Damascus: The United Nations humanitarian chief was in Damascus for talks with Syrian officials about the nation's conflict, which has forced millions of people from their homes, destroyed the country's cities and created food and fuel shortages. (Agencies)
Valerie Amos did not make any public remarks upon her arrival in Damascus today for a two-day visit, but at the World Economic Forum in Davos last week, she said world powers had not done enough to lessen Syrian suffering.
"The humanitarian situation in Syria is already catastrophic and it's clearly getting worse," she said. "What we are seeing now are the consequences of the failure of the international community to unite to resolve the crisis."
The UN says more than 60,000 people have been killed since the start of the conflict in March 2011.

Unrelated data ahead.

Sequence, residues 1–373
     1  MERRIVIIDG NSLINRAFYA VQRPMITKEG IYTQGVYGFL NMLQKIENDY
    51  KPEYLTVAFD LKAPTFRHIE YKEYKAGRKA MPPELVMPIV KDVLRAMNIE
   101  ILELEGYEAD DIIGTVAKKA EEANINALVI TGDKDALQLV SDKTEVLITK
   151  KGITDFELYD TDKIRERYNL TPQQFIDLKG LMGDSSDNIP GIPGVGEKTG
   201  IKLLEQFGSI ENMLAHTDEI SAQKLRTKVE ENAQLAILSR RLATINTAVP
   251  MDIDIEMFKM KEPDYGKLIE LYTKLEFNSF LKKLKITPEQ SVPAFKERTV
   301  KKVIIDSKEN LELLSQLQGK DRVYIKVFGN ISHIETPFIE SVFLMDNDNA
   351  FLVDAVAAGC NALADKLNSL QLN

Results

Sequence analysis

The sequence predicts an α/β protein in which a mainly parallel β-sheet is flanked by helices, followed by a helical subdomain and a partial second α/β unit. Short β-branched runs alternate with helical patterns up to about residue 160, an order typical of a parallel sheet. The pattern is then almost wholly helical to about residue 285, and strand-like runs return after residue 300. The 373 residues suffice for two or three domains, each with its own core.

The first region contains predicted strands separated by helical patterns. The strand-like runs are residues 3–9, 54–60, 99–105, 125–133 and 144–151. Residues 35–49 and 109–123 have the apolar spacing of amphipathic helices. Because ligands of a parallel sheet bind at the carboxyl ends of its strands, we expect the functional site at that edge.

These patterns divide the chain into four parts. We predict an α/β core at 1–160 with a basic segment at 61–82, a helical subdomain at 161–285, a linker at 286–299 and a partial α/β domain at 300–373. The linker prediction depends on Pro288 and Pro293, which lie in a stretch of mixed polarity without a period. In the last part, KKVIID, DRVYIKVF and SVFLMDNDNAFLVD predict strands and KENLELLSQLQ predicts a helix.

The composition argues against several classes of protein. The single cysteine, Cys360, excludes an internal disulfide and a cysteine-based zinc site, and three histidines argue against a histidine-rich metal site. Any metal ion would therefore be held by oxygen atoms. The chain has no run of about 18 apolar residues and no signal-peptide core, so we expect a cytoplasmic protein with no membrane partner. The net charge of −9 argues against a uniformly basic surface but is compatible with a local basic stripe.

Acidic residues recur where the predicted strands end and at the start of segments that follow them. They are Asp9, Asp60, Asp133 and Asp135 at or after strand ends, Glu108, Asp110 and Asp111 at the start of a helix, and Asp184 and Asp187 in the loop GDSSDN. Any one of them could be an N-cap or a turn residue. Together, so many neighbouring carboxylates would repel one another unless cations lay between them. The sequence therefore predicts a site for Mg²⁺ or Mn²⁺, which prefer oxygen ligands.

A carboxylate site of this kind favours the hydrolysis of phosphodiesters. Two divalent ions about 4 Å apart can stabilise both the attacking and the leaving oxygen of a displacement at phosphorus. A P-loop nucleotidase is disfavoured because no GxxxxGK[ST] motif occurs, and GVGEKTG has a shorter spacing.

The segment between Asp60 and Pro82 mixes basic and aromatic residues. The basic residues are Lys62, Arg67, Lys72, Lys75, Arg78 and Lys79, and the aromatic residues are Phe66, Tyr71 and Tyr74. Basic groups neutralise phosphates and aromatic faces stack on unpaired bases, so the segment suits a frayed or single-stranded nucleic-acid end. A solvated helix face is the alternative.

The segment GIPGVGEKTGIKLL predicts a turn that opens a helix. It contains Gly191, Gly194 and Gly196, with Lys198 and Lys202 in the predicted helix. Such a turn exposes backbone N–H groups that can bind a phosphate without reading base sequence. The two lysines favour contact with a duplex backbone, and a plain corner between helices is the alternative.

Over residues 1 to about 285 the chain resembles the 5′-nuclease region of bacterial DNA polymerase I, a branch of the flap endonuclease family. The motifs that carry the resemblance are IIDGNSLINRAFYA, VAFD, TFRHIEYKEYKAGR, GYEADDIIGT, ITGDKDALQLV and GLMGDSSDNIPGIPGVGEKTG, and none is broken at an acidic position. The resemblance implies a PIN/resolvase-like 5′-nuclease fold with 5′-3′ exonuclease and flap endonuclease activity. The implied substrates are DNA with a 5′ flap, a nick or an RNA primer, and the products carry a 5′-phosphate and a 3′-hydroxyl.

Living conditions have deteriorated across Syria during the 22-month conflict, which began with political protests that escalated into a civil war with scores of rebel groups battling President Bashar Assad's forces. Entire towns and neighborhoods have been damaged in the fighting, and more than 2 million people are internally displaced, with another 650,000 seeking refuge in neighboring countries.
Some areas face food shortages, and even areas that have been spared large-scale violence like Damascus lack sufficient quantities of gasoline, heating oil and cooking gas.
On Friday, the UN announced it was preparing to send USD 10 million in new US aid to help alleviate hunger in northern Syria.
World powers remain divided on how to solve the crisis.
The US and many Arab and European countries have called on Assad to step down, while Russia, China and Iran refuse any pressure from outside that seeks to hasten the regime's fall.
Damascus: The United Nations humanitarian chief was in Damascus for talks with Syrian officials about the nation's conflict, which has forced millions of people from their homes, destroyed the country's cities and created food and fuel shortages.